During the summer of 2015, whale researchers Katy Gavrilchuk and David Gaspard were frustrated with time and money spent on travel and lodging during their annual research expedition and began looking for novel solutions to allow them to better focus on their research going forward. Acutely aware of the effects of climate change, they were committed to maintaining a small carbon footprint and decided to construct a mobile, energy-efficient tiny house to help support their 2016 expedition. 

After learning about innovative building products that could deliver energy efficiency in limited parameters, Katy and David sought help from PIMA member Atlas Roofingto find the right products for their unique application. Their tiny house was built with polyiso rigid foam insulation boards installed in the walls and the roof of the house. It features a high R-value and Class A durable aluminum facer that also serves as a water resistive barrier—delivering needed features without taking up space or adding much weight.

In June, these marine biologists set off from Montreal to study whale and dolphin species migrating through the Gulf of St. Lawrence in Canada. During the 670-mile journey to their research base in Mingan, they will make several stop-overs to scope for whales and talk to people interested in their tiny house and minimal/ecological living. It is a first for many people to see a tiny house on the road, they are even asked if they are part of the circus!

Throughout the expedition, Katy and David will be traveling through relatively mild summer temperatures ranging from 73 F to 47 F, despite the fact that hurricane season in the North Atlantic lasts from May 15 to Nov. 30. While the temperatures are ideal to study migrating whales, the average 13 days of rain per month may be less than desirable!

By using a tiny home as their mobile research base, Katy and David hope to accomplish several goals. First, they want to raise awareness of the consequences of global consumption while reducing their own carbon footprint. In addition, they aim to build something that can lead by example and show others what can be accomplished with a small budget and a strong motivation.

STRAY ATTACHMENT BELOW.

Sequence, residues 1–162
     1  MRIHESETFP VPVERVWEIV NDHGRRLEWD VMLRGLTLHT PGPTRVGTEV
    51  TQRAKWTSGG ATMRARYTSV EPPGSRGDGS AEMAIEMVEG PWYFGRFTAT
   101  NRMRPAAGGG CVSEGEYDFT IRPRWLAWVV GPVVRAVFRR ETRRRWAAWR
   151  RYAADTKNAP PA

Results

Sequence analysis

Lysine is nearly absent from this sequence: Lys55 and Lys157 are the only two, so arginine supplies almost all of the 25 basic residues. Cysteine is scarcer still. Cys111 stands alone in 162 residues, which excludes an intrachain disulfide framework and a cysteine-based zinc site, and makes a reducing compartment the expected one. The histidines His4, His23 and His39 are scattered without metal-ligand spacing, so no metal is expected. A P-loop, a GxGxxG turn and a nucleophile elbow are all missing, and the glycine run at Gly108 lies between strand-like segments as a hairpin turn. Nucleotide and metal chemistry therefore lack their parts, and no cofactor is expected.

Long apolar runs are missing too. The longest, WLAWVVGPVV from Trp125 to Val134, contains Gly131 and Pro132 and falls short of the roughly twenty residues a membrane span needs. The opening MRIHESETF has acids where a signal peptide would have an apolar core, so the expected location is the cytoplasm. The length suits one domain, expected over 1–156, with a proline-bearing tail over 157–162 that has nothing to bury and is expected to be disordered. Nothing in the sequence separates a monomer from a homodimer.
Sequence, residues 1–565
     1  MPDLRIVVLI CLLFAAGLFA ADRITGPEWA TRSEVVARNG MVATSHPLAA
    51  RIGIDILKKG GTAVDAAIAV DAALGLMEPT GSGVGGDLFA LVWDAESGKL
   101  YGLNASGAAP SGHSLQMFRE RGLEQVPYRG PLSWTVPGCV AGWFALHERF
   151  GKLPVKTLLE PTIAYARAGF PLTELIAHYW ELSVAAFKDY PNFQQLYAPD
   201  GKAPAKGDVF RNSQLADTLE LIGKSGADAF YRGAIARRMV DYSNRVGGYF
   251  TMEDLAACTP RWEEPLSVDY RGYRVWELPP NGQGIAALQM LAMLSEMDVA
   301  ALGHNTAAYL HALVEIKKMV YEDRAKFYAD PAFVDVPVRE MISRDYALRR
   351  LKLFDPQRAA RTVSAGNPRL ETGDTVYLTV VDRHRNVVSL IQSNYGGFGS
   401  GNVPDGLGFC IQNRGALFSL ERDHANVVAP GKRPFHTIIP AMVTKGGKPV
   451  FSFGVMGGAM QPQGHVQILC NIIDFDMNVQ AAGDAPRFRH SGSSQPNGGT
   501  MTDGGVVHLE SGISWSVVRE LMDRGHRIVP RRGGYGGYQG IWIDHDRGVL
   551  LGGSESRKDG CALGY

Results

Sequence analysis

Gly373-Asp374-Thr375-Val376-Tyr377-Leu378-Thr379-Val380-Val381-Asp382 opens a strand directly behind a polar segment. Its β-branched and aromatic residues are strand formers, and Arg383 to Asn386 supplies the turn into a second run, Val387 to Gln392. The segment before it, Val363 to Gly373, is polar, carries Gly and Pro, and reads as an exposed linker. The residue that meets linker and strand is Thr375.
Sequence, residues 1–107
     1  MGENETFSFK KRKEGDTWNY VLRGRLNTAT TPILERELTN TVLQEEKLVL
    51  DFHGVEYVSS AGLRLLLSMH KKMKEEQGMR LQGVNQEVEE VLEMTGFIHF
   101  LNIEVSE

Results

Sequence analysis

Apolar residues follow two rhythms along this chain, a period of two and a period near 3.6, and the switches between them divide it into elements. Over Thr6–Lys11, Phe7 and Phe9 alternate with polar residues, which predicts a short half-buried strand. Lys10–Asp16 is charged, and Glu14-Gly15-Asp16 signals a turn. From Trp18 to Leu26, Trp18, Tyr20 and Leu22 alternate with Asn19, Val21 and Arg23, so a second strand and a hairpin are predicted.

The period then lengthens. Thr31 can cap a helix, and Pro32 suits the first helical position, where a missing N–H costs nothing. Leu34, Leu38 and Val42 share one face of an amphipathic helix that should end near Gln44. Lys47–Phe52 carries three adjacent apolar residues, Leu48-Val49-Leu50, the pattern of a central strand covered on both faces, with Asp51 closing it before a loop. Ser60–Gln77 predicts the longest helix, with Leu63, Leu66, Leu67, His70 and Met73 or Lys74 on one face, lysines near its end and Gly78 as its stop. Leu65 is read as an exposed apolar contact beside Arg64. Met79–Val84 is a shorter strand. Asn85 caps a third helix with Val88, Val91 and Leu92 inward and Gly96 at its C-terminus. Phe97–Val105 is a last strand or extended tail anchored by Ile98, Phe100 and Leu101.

During the 670-mile journey to their research base in Mingan, they will make several stop-overs to scope for whales and talk to people interested in their tiny house and minimal/ecological living.

During the 670-mile journey to their research base in Mingan, Canada, they will make several stop-overs to scope for whales and talk to people interested in their tiny house and minimal/ecological living.

Although the market for tiny houses is limited, the lessons these researchers have learned in terms of thermal efficiency and product selection have larger application in the wider construction market. As global interest in energy independence grows, products and processes that reduce heating and cooling demands for structures big and small are finding wider acceptance. New construction and retrofitting provide opportunities for builders to reduce the energy requirements of buildings and invest in products that will deliver long-term savings.

Watching these principles writ small in the tiny house adventures of two marine biologists chasing migrating whales in Canada gives us a glimpse of how savings can be magnified in larger projects with the same commitment to conservation.

This blog was originally published at Retrofit

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PIMA Members Visit Oak Ridge National Laboratory as Part of Mid-Year Meeting

Posted By Alex Wellman, Tuesday, June 21, 2016

Earlier this month, PIMA members gathered in Knoxville, TN for the association’s Mid-Year Meeting. As part of the educational session, attendees traveled to Oak Ridge National Laboratory for a tour of the facility. Oak Ridge National Laboratory (ORNL) was founded in 1943 and served as one of the facilities that conducted much of the initial research for the Manhattan Project that lead to the development of the first atomic bomb. Now, Oak Ridge Laboratory is renowned for its scientific work in many subjects, including extensive research on high-performance building materials. PIMA members have a long history of working with ORNL, beginning in the early 1990s with a project to develop a new polyiso blowing agent free from harmful CFCs.

The tour included: